Diabetes drug metformin linked to low levels of thyroid stimulating hormone

Tue, 23 Sep 2014
Use of the type 2 diabetes drug metformin has been linked with lower levels of thyroid-stimulating hormone (TSH).

Low levels of thyroid-stimulating hormone can indicate an increased risk of heart disease and bone fractures but with previous studies showing metformin to have a relatively good heart health safety record, patients taking the drug should not be unduly worried.

The news comes after a Canadian study found that in patients with type 2 diabetes and hypothyroidism (an underactive thyroid), the risk of having low levels of thyroid-stimulating hormone was 55% higher in patients that took metformin compared with those that took a sulphonylurea. Low levels of TSH were only observed within patients with hypothyroidism and not in those with normal thyroid levels.

Readers should not allow tabloid headlines to get them unnecessarily worried. The Daily Express has interpreted the story as 'Common diabetes pill dramatically raises risk of heart disease', and greatly overstates the risks beyond any findings of the Canadian study.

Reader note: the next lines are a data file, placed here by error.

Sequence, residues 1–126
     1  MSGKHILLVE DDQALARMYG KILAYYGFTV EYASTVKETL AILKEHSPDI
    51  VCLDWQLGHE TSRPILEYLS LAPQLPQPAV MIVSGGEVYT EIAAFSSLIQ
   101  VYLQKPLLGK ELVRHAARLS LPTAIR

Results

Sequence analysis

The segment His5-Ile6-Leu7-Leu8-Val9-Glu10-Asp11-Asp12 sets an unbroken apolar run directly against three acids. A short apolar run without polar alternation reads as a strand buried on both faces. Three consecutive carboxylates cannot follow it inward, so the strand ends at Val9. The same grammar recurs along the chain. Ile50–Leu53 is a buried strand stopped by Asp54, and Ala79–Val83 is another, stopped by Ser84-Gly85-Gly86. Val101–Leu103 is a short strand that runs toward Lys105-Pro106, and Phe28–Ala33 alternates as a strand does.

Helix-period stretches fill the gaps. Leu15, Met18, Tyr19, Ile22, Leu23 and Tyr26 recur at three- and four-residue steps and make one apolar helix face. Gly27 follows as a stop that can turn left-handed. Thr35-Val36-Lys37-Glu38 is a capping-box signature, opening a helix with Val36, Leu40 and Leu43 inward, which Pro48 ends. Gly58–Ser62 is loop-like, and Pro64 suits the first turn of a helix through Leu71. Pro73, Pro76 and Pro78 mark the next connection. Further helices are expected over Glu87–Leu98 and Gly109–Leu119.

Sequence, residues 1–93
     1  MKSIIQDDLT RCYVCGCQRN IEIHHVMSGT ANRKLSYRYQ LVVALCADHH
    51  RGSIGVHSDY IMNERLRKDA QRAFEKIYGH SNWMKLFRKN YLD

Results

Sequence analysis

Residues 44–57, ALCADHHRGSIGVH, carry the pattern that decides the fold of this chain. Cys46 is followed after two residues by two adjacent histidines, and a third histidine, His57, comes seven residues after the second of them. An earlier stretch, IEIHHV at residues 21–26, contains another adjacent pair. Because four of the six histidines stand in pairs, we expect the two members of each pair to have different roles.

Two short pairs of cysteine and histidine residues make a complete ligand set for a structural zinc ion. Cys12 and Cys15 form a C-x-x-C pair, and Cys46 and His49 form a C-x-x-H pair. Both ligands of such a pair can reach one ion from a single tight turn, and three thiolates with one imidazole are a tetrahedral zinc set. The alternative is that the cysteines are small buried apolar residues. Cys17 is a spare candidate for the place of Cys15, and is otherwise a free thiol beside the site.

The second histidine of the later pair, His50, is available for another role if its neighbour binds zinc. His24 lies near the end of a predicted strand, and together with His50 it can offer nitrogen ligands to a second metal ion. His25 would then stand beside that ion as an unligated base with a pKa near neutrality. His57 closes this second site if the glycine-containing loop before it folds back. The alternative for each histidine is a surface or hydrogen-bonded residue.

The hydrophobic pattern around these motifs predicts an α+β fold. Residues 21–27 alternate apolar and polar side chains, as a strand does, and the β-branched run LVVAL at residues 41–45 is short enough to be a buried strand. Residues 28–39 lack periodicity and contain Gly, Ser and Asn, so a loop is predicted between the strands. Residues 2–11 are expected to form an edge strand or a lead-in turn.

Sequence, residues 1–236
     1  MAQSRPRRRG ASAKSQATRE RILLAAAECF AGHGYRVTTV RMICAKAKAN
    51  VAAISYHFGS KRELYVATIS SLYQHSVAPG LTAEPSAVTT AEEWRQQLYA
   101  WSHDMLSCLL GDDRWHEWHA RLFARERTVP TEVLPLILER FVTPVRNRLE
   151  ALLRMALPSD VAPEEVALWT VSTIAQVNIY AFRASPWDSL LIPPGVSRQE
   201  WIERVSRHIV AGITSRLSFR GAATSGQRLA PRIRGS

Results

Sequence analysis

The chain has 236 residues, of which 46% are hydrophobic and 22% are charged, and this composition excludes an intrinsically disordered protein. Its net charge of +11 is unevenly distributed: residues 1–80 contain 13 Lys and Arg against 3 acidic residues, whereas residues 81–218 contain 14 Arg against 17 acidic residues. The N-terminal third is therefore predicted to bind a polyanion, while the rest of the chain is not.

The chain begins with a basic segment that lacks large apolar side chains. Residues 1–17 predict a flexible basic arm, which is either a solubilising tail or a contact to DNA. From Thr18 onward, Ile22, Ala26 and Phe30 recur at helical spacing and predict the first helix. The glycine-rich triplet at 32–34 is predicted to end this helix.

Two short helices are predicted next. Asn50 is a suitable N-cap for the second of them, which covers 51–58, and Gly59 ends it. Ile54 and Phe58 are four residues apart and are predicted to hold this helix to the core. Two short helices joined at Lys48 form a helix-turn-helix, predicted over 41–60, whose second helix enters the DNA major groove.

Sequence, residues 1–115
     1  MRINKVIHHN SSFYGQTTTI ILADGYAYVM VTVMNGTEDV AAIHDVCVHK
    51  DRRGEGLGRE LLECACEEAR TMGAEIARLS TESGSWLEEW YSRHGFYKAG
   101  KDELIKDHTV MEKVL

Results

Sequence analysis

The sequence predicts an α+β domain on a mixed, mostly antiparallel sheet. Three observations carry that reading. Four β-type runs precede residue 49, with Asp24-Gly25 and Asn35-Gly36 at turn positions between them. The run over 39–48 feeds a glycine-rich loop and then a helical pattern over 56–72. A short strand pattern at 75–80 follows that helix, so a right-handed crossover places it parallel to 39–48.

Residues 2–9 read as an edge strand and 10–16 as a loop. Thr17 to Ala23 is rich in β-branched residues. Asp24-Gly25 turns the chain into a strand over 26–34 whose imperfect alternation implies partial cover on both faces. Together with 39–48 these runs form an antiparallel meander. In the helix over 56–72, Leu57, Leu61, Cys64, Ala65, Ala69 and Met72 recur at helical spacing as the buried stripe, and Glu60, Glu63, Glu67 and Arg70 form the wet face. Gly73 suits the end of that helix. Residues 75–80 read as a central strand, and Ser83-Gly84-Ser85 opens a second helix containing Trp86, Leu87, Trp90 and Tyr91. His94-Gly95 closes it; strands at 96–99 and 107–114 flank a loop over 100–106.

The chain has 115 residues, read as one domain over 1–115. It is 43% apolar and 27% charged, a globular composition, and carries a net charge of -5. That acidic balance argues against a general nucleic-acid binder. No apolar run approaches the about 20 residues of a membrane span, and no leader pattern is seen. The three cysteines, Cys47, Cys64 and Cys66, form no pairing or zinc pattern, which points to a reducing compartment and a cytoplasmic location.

Whilst low levels of TSH have been linked with heart disease, the study did not look for or show any links between metformin and heart disease. By contrast, previous research studies that have specifically looked at cardiovascular risk have shown that metformin has a better health record in terms of heart risk than the other most commonly prescribed type 2 diabetes drugs such as sulphonylureas.

Whilst metformin has a good heart health record, the Canadian researchers note that further research is warranted to investigate whether there are any health risks, or not, associated with metformin use in patients with hypothyroidism.
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